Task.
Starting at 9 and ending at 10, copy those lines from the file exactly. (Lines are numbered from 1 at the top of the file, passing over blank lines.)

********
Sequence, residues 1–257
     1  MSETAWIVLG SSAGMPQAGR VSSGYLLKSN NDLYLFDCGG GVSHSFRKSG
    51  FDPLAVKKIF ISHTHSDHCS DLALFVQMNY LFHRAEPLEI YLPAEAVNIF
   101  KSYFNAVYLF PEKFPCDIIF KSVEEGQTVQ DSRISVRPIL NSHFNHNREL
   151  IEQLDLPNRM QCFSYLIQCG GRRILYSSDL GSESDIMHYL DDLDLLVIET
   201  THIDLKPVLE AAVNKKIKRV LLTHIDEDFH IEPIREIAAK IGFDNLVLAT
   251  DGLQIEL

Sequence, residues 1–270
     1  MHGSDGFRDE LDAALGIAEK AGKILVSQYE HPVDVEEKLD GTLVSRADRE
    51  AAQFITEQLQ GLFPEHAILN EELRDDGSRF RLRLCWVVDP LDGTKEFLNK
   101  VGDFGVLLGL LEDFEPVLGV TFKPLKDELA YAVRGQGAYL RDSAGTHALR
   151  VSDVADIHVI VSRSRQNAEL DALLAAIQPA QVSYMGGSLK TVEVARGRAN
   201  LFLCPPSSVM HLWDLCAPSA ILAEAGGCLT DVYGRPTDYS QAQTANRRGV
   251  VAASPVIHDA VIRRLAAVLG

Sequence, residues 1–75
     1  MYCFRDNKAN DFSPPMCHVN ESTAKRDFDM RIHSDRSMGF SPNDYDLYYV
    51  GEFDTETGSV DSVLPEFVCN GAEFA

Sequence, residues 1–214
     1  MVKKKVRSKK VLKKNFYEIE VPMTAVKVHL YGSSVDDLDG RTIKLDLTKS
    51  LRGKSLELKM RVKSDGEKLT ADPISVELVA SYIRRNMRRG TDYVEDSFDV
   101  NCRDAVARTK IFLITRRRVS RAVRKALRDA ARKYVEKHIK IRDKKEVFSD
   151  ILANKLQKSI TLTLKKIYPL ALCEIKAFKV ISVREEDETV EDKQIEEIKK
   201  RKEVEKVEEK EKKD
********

     1  MHGSDGFRDE LDAALGIAEK AGKILVSQYE HPVDVEEKLD GTLVSRADRE
    51  AAQFITEQLQ GLFPEHAILN EELRDDGSRF RLRLCWVVDP LDGTKEFLNK